10 Most Commonly Cited GMP Deficiencies
- Changes in FDA audit approaches
- Areas of focus during audits
- Most commonly cited drug GMP deficiencies
- Increase in FDA enforcement actions
Effective GMP Audits and Self-Inspections - Tools and Techniques
- Principles and Audit Planning
- Planning and preparation
- Audit types and techniques
- Internal vs. external audits
- The audit process
- Auditor Skills and Competencies
- What makes a good auditor
- Managing audits
- Initiating, Preparing and Conducting the Audit
- Materials management
- Documentation systems
- Pharmaceutical quality systems
Detailed Investigations: How to avoid an observation
- Who should be conducting an investigation?
- When is an investigation necessary?
- What constitutes an investigation?
- What is a root cause?
- What tools can be used to determine the root cause?
- What if a root cause could not be determined?
- Corrective Actions/Preventative Actions
Real Life Situations and Case Studies
- Case Scenarios – review of real-life scenarios that you could encounter during inspections
A successful audit is dependent on understanding what we could expect from regulators. This can be observed by looking at the focus of recent inspections within the industry. Such case studies will help companies to analyze their own practice and address similar issues in advance. This seminar is intended to help you prepare for and manage an FDA inspection in a proactive and effective manner. Regulators expect audits and self-inspections of the manufacturer to assure the quality of its own operations and those of its suppliers and contractors via repeated audits. FDA and other regulators have contributed to and endorsed ICH Q10, Pharmaceutical Quality System, which explicitly recommends audits as a key element in the review of process performance and product quality and also in the management of outsourced activities and purchased materials.
Why You Should Attend:
Because of the extreme criticality of GMP audits and the potential consequences, many pharmaceutical manufacturers have adopted a program of internal GMP audits in order to find and correct areas where the firm is not in full compliance with the GMP regulations before an FDA audit occurs. There are several problems with this approach, however. The auditors may not fully understand the regulations and may not have been trained in audit techniques. Another impediment is that an internal auditor is monitoring his/her friends. It is very difficult to point out errors committed by a friend since by calling attention to a lack of compliance may be interpreted as “telling on” the friend and possibly causing a problem for them.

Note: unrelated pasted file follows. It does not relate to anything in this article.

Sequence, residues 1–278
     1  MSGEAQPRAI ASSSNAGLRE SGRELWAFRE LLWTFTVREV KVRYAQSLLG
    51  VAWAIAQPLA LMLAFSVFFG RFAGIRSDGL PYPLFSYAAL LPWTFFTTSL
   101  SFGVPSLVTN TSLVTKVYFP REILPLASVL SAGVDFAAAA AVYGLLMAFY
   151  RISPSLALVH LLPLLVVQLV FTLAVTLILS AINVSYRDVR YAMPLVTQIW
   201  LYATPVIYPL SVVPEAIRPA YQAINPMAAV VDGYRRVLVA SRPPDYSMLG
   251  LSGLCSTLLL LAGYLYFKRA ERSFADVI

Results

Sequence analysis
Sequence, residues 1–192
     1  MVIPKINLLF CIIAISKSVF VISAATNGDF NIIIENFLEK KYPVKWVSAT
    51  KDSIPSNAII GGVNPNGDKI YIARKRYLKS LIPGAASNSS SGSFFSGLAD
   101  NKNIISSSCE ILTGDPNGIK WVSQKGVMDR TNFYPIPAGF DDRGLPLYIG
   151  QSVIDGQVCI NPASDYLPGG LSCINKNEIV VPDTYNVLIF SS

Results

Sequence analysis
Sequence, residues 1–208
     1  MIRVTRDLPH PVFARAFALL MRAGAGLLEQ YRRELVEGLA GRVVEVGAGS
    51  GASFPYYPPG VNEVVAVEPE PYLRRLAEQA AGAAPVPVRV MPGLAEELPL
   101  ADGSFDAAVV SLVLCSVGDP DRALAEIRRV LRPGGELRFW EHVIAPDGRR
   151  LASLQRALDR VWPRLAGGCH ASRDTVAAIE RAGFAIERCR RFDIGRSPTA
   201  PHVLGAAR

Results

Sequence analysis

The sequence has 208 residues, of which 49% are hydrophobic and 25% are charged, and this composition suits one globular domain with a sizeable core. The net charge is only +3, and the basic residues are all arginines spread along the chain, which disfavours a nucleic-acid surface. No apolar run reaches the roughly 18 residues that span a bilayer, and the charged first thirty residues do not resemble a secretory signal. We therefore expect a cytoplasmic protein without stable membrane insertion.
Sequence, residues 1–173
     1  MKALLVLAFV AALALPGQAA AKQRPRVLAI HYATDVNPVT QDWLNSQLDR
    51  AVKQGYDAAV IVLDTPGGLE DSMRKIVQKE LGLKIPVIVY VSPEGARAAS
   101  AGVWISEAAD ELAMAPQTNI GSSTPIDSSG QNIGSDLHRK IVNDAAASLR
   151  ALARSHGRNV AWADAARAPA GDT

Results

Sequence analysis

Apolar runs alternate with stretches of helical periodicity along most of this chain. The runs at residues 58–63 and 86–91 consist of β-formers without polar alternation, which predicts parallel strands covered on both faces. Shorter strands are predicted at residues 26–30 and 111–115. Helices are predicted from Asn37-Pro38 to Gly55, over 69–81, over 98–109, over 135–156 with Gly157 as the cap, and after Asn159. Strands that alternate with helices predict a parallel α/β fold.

This seminar will provide you with the knowledge, understanding, skills and confidence to audit all aspects of pharmaceutical manufacture and control, whilst retaining the cooperation and respect of the other auditors.
1. 10 Most Commonly Cited GMP Deficiencies
2. Effective GMP Audits and Self-Inspections - Tools and Techniques
3. Detailed Investigations: How to avoid an observation
4. Real Life Situations and Case Studies
- Quality Assurance Departments
- Quality Control Departments
- Production Departments
- Logistics Departments
- Manufacturing Departments
- Regulatory and Compliance Departments
- Quality System Auditors
Carl Patterson is a seasoned Pharmaceutical Manufacturing, Aseptic Processing, and Quality Assurance Professional who is based in San Diego, California. As soon as he discovered the importance of biotechnology in the area, he was inspired to enter the pharmaceutical manufacturing industry. However, his avid interest in all things biology, microbiology, and biochemistry officially began when he served in the U.S. Army as a Preventative Medicine Specialist and a Licensed Vocational Nurse.
To date, Carl has now garnered over two decades’ worth of extensive hands-on expertise. Currently, he is the Chief Consultant of his very own consultant business called aseptic-process.net, where he specializes in the aseptic processing of pharmaceutical products in the pharmaceutical manufacturing sector. Recently, he is in the process of creating webinars so he can share pertinent information about pharmaceutical manufacturing from a microbiological perspective.
Furthermore, Carl holds various degrees and certifications, including an M.S. in Biomedical Quality Systems from San Diego State University, a B.S. in Microbiology from the University of Texas, and Specialized Certificates in QA/QC & Biotechnology from UCSD.